House approves $1.1 trillion spending measure
Andrew Taylor | The Associated Press via YellowBrix
December 11, 2009
The measure contains 5,224 so-called earmarks totaling $3.9 billion, according to Taxpayers for Common Sense, a Washington-based watchdog group. Republicans and Democrats share in the largesse, which includes grants to local police departments, money for road and bridge projects, and community and economic development grants.
Democrats made no apologies for the spending increases, saying that domestic programs starved under eight years of President George W. Bush.
“I see these bills as an opportunity to reverse years of neglect _ neglect to our roads and bridges, neglect to our lower-income neighbors and friends, neglect to our education system, neglect to our veterans,” said Rep. Jim McGovern, D-Mass.
Democrats forced a $151 million cut to Obama’s almost $2.8 billion request for economic and security aid to Afghanistan this week. Obama’s $1.6 billion request for aid to Pakistan would be cut $124 million. But Appropriations Committee Chairman David Obey, D-Wis. _ a top skeptic about the Afghanistan war _ said the cuts were not intended as a rebuke to Obama.
For the more than 2,000 Chrysler and GM dealers closed or facing closure, the bill would offer an improved binding arbitration process to challenge the automakers’ decisions. It also renewed for two more years a federal loan guarantee program for steel companies.
Rep. Bennie Thompson, D-Miss., chairman of the House Homeland Security Committee, protested a provision to let Amtrak passengers carry handguns in their checked baggage, provided the guns are unloaded and locked in a secure container. The policy would go into place within a year.
The bill caps a heated debate over Obama’s order to close the Guantanamo Bay jail in Cuba. It would permit detainees held at Guantanamo to be transferred to the United States to stand trial but not to be released.
Republicans also blasted moves by Democrats to drop several social policy provisions that conservatives had championed for years. A long-standing ban on the funding of abortion by the District of Columbia government would be overturned, igniting strong opposition from anti-abortion lawmakers. The bill also overturns a ban on federal money for needle exchange programs in the city, phases out a D.C. school voucher program favored by Republicans and opens the door for the city to permit medical marijuana.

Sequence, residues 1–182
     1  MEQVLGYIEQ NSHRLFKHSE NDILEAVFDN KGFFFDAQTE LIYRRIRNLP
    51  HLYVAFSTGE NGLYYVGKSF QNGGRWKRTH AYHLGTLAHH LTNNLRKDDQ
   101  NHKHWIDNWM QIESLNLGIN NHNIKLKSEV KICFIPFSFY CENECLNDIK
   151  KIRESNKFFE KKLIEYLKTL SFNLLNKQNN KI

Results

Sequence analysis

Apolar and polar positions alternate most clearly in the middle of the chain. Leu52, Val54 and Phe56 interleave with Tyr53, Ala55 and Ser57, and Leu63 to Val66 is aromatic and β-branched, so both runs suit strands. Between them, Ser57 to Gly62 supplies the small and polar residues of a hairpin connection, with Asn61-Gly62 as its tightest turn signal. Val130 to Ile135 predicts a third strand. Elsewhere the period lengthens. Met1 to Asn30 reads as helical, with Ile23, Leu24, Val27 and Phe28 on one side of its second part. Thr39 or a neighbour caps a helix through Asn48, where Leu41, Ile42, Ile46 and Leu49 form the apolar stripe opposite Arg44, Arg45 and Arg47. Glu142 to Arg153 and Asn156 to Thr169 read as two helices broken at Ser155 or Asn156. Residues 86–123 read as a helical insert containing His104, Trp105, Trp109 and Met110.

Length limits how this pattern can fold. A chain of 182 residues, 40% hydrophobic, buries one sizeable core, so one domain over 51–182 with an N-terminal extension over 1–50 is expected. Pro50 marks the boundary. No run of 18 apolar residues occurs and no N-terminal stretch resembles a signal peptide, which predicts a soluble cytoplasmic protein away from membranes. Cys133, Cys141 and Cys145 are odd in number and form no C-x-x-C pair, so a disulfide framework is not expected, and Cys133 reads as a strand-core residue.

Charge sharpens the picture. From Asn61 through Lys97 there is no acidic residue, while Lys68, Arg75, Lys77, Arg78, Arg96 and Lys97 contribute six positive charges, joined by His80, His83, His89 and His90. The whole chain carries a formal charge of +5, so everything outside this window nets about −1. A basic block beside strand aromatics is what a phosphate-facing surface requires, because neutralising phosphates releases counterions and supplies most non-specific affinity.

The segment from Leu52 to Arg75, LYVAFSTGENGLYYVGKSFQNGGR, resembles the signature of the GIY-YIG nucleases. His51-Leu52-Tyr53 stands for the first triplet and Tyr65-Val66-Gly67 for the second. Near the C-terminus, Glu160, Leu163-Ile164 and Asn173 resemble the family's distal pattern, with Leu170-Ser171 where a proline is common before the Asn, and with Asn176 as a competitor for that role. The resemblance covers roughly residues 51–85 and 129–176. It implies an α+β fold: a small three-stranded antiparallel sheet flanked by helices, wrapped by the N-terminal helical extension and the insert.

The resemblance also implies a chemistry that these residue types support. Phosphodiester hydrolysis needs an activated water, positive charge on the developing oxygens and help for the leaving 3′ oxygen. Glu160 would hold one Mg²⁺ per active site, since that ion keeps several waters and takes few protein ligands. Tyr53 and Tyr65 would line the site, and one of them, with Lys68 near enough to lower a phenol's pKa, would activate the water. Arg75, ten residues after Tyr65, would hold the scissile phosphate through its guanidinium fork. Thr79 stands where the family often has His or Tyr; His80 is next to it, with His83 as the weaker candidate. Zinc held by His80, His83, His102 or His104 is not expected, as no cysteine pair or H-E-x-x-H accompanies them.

It would also lift a nationwide ban on the use of federal funds for needle-exchange programs.
Federal workers would receive pay increases averaging 2 percent, with people in areas with higher living costs receiving slightly higher increases.
Republicans claimed the measure would mean a 33 percent increase for foreign aid and the State Department, but once war-related funding and emergency funding shuffles are taken into account, the increase is more like 10 to 15 percent. A Democratic press release actually claims a modest overall spending cut but then lists a host of sizable gains when describing specific programs.
The increases to foreign aid were not directed at individual countries as much as initiatives such as health programs, food aid and developmental assistance for poor countries, and funding for additional foreign service officers.
The Senate voted 56-43 to take up the measure, short of the 60 votes needed to defeat a GOP filibuster. But Democratic leaders are confident several senior GOP members of the Appropriations Committee will support the measure when a 60-vote threshold is needed, most likely Satuday.
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